Academic journal article Scandinavian Journal of Work, Environment & Health

Work-Related Gender Differences in Physician-Certified Sick Leave: A Prospective Study of the General Working Population in Norway

Academic journal article Scandinavian Journal of Work, Environment & Health

Work-Related Gender Differences in Physician-Certified Sick Leave: A Prospective Study of the General Working Population in Norway

Article excerpt

Higher rates of female sick leave have been reported in Scandinavia (1-4) and other European countries (5). The gender-segregated labor market has been discussed as an important factor in observed gender differences in sick leave (6). According to official Norwegian statistics, approximately 80% of those employed in human health and social work sectors and activities are women, and >80% of those employed in construction and manufacturing sectors are men (7). Similar numbers have been reported in other Nordic countries (8, 9). However, only a few nationwide studies have been undertaken, and more knowledge is needed about the impact of specific risk factors in the workplace on gender differences in sick leave (10).

Gender differences in sick leave could be caused by differences in exposure to physical workloads (ie, mechanical exposure) and psychosocial factors in the workplace (11, 12). Men and women are typically involved in different types of jobs with divergent work environment characteristics; gender differences in exposure to psychosocial and physical risk factors exist, even when accounting for differences in job titles (8, 13). Jobs held by men are generally more physically demanding (14), and this has been reported as a risk factor in several studies (15-18). However, many female jobs are also characterized by physically strenuous work tasks, such as those found in nursing (eg, manually moving patients), and women often perform tasks that require precision and are repetitive in nature (13). Gender differences may also be expected for a range of psychosocial factors in the workplace. Studies have shown there are gender differences in exposure to risk factors, such as those proposed in Karasek's much-studied Job Demand-Control-Support model (8, 13). In particular, women are found to report lower levels of job control than men (14). Furthermore, women are more often involved in emotionally demanding "people work" (eg, nurses, service workers, etc.), and female jobs are often characterized by relatively lower levels of job rewards, such as wages and career opportunities (2). Low job control (11), emotional demands (19, 20), and effort-reward imbalance (21) have been reported as risk factors for sick leave in prospective studies and may contribute to the excess risk of sick leave observed among women. Overall, however, it is unclear whether men or women have the least healthy jobs (14, 22).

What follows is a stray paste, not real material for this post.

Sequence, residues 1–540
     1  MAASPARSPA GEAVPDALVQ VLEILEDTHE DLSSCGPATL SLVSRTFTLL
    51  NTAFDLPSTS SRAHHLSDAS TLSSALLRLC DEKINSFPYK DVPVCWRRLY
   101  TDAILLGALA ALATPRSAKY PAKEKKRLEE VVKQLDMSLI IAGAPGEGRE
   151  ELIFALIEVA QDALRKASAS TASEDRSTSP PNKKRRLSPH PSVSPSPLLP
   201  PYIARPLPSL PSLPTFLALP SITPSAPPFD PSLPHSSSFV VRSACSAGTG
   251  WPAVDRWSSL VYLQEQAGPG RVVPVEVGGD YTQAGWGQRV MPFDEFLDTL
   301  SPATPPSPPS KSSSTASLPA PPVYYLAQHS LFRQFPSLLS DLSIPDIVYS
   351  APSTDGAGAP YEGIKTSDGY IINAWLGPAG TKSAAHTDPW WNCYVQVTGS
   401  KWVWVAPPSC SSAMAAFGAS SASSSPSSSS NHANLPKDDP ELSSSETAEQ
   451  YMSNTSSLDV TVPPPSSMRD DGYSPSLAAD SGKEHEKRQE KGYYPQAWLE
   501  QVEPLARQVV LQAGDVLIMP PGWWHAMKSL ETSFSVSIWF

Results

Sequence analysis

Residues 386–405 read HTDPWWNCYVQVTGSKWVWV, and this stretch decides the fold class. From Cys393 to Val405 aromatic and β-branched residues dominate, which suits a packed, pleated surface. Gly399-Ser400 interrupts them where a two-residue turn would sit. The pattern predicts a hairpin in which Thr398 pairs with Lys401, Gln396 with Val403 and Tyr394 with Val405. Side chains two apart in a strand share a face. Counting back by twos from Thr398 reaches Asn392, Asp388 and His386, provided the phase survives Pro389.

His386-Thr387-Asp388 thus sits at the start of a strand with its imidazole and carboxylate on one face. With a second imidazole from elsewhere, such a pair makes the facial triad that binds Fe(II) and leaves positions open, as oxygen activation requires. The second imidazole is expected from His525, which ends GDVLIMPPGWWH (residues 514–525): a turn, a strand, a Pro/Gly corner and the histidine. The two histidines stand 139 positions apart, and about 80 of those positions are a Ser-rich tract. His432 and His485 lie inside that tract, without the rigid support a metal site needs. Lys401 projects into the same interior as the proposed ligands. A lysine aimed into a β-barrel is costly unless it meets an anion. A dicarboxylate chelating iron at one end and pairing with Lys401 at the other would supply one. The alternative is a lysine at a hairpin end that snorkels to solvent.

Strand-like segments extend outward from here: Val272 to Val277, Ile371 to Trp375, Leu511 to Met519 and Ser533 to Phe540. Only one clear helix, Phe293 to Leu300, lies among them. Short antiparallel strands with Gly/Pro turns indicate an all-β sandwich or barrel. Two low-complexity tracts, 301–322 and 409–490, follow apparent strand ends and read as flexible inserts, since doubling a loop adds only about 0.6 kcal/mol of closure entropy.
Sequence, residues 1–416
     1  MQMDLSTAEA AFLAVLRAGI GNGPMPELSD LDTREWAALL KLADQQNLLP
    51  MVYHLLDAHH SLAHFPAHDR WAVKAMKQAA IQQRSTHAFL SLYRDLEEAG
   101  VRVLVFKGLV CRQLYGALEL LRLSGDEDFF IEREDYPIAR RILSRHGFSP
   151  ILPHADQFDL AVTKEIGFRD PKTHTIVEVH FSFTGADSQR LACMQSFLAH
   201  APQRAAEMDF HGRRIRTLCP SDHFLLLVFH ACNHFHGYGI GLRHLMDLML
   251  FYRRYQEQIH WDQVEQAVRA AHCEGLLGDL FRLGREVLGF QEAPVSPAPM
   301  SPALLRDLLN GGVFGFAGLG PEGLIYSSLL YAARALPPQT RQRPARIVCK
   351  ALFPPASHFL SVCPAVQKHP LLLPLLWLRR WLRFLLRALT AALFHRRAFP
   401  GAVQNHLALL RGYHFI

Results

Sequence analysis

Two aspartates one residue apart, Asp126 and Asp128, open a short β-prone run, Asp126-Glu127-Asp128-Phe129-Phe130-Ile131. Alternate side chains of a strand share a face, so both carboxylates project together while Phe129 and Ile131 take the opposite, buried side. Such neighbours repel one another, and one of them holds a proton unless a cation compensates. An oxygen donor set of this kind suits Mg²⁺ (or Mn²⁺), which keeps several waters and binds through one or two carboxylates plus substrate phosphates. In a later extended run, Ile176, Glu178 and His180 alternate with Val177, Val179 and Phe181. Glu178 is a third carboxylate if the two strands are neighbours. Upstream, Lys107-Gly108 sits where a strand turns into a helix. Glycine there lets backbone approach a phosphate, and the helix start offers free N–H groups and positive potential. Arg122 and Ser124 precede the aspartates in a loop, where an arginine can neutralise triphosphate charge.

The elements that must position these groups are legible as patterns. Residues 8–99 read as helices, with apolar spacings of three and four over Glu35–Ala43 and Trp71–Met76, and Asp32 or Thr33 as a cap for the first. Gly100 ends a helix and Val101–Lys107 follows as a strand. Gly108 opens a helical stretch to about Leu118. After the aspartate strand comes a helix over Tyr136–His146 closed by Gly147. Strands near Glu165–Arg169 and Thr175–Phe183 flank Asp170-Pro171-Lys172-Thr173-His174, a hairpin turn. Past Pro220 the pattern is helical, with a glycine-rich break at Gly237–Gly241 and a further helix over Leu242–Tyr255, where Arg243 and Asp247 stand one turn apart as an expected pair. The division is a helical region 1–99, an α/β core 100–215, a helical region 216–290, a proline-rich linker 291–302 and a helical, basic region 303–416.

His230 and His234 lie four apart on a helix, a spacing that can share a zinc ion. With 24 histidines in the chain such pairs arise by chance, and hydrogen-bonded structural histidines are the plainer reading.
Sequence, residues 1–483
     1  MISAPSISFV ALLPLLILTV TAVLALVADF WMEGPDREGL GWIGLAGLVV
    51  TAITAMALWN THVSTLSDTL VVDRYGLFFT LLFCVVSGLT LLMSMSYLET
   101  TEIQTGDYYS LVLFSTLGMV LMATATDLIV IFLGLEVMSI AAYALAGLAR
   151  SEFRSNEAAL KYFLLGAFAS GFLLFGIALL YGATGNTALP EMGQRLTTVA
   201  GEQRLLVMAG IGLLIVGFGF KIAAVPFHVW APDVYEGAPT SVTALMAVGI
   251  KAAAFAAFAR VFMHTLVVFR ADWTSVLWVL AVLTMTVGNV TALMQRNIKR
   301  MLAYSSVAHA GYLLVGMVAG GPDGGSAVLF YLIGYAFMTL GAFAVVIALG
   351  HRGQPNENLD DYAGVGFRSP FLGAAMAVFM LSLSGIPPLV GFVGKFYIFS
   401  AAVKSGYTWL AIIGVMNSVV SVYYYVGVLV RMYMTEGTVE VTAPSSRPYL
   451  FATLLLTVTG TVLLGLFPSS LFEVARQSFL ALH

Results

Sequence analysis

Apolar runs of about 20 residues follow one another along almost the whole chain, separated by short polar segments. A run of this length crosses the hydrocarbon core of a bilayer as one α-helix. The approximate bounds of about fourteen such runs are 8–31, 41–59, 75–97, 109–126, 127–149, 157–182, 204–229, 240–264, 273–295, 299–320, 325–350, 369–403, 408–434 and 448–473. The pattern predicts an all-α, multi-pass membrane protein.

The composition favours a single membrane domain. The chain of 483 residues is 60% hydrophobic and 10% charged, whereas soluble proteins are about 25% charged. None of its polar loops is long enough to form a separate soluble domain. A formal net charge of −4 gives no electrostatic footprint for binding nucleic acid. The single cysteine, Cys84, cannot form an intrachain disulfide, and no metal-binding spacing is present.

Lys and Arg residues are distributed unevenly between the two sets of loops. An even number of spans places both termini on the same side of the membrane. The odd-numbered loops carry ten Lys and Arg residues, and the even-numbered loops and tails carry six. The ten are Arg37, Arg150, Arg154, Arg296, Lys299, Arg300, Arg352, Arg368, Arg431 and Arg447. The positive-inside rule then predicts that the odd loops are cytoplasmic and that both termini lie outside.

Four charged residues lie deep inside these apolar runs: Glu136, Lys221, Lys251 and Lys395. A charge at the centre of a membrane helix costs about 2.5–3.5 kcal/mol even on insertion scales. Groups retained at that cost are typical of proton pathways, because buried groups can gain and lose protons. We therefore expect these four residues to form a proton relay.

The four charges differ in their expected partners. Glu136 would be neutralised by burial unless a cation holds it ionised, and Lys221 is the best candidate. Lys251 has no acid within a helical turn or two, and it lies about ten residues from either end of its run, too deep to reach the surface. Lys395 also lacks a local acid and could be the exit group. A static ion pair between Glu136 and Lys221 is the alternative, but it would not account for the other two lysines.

During the last two decades, a few prospectively designed studies have examined whether differences pertaining to working conditions or occupational exposure can explain the excess risk of physician-certified sick leave among women. Laaksonen et al (23, 24) studied sick leave among municipal workers in the capital of Finland. In the first study, adjusting for self-reported exposure to physical work demands but not psychosocial working conditions explained a substantial part of the female excess in sick leave of both short and longer duration (adjusting for age and socioeconomic status). In the second study, which adjusted for occupation by means of fixed regression, 33-50% of the excess risk of different lengths of sick leave among women was explained by differences between occupations held by men and women. In a general working population study from Denmark, Labriola et al (10) found that adjusting for self-reported exposure to psychosocial working conditions but not physical work demands explained about one-third of the female excess in sick leave periods of ≥8 weeks (adjusted for age and family status and socioeconomic position). Three studies have been conducted on different populations in Norway. Mastekaasa et al (22, 25) studied gender differences in sick leave periods of ≥4 days duration among Norwegian civil servants and sick leave periods of >2 weeks in the general working population. Controlling for occupation by means of fixed regression explained approximately 40% of the excess risk among female civil servants (25), whereas controlling for occupation had the opposite effect in the general working population study and slightly increased the gender difference (22). …

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